Fake “Gale Banks” helps RAM 5.9L go faster

2005 RAM 5.9 puts down great numbers at UCC thanks to iDash.

Like many racers, Greg Alberalla has gauges in his truck for monitoring various vital temps, pressures, and speeds. Unfortunately, monitoring the gauges during a race and reviewing the data after a race is a challenge. In his latest vlog, the RAM fanatic admitted he doesn’t even look at the gauges while speeding down the track. The only way to know what the gauges are displaying during the race is to record them with a GoPro and watch the playback. Silly, right?

Greg decided to ditch this antiquated data acquisition system (a GoPro) just before Ultimate Callout Challenge. He replaced his bevy of analog gauges with two iDash DataMonsters mounted in the center console of his 2005 RAM. The two iDashes were fed the following information from various speed, pressure, and temp sensors, all available via bankspower.com

  • Turbo speed 
  • Drive pressure 
  • Exhaust gas temperature 
  • Pre-intercooler temperature 
  • Post-intercooler temperature 
  • Boost pressure 
  • Fuel rail pressure (high-pressure) 
  • Transmission temperature 
  • Ambient air temperature, pressure, humidity (Airmouse)

Keep in mind that Greg’s ’05 is what we call “pre-CAN.” Pre-2008 vehicles have OBD (onboard diagnostics) ports, however, they speak different languages. In 2008 all U.S. vehicles were mandated to communicate via CAN (Controller Area Network). This was so any smog shop could plug in and gain access to vital emissions information. If Greg were to plug the iDash into his 2019 RAM for example, a myriad of temp and pressure data would display on the iDash with no additional sensors. But since Greg’s ’05 doesn’t broadcast that information, he had to install auxiliary sensors which plug into two Banks 4-channel Analog Modules.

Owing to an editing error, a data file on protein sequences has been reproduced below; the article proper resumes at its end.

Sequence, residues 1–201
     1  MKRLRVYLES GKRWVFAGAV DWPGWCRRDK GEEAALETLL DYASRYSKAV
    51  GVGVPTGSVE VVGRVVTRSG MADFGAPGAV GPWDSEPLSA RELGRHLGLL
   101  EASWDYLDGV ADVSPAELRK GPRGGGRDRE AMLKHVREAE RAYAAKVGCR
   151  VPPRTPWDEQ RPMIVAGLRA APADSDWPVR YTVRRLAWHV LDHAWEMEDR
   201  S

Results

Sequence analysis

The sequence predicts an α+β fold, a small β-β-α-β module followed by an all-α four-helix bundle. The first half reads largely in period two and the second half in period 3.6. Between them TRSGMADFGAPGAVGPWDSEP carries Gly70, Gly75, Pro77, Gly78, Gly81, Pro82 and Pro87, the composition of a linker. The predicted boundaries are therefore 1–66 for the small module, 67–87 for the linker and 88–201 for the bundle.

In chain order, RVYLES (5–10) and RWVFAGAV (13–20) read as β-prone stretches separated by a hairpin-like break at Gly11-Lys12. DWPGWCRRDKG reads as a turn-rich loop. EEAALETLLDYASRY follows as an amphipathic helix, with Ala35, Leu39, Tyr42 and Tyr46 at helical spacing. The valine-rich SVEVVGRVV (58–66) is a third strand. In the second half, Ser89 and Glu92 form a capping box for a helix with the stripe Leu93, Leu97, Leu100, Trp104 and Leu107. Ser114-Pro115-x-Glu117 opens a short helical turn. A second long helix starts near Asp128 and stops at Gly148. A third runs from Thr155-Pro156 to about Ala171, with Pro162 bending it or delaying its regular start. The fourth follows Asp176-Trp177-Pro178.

But just before Greg explains his sensor placement, a young lab coat-wearing Gale Banks, played by Michael, Greg’s assistant, explains just how they used the data collected on the iDash. After each quarter-mile run, Michael would slide the micro SD card out of the iDash and into his laptop. He then uploaded the files todatalogviewer.com, a free website. There he was able to graph each run against the previous to see what improvements their boost and nitrous adjustments were making. Guesswork was completely eliminated. Remember kids, data is king. 

Want to know more? Watch the video above